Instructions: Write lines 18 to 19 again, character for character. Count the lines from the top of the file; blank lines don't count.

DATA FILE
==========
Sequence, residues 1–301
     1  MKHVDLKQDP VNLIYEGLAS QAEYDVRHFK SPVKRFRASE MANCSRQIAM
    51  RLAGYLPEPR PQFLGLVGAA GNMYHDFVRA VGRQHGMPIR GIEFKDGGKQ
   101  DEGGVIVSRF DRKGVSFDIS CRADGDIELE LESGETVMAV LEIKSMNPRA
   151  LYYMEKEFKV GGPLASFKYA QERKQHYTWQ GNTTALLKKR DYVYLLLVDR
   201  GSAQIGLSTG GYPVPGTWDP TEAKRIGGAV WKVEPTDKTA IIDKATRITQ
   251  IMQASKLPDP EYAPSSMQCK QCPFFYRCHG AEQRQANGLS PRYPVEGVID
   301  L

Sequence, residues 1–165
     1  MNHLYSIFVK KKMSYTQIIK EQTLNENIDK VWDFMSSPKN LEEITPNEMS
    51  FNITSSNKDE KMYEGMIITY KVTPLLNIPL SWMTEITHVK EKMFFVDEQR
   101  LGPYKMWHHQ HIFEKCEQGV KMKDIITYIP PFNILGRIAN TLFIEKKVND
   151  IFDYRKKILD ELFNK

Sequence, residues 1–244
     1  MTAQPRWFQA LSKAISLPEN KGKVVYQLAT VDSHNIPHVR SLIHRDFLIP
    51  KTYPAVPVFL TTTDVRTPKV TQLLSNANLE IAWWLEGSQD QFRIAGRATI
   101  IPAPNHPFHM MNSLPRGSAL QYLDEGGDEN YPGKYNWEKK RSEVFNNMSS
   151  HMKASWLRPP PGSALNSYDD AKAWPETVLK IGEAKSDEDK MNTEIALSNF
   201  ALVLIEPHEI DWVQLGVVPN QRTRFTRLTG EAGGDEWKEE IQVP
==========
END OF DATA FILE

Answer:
   151  HMKASWLRPP PGSALNSYDD AKAWPETVLK IGEAKSDEDK MNTEIALSNF
   201  ALVLIEPHEI DWVQLGVVPN QRTRFTRLTG EAGGDEWKEE IQVP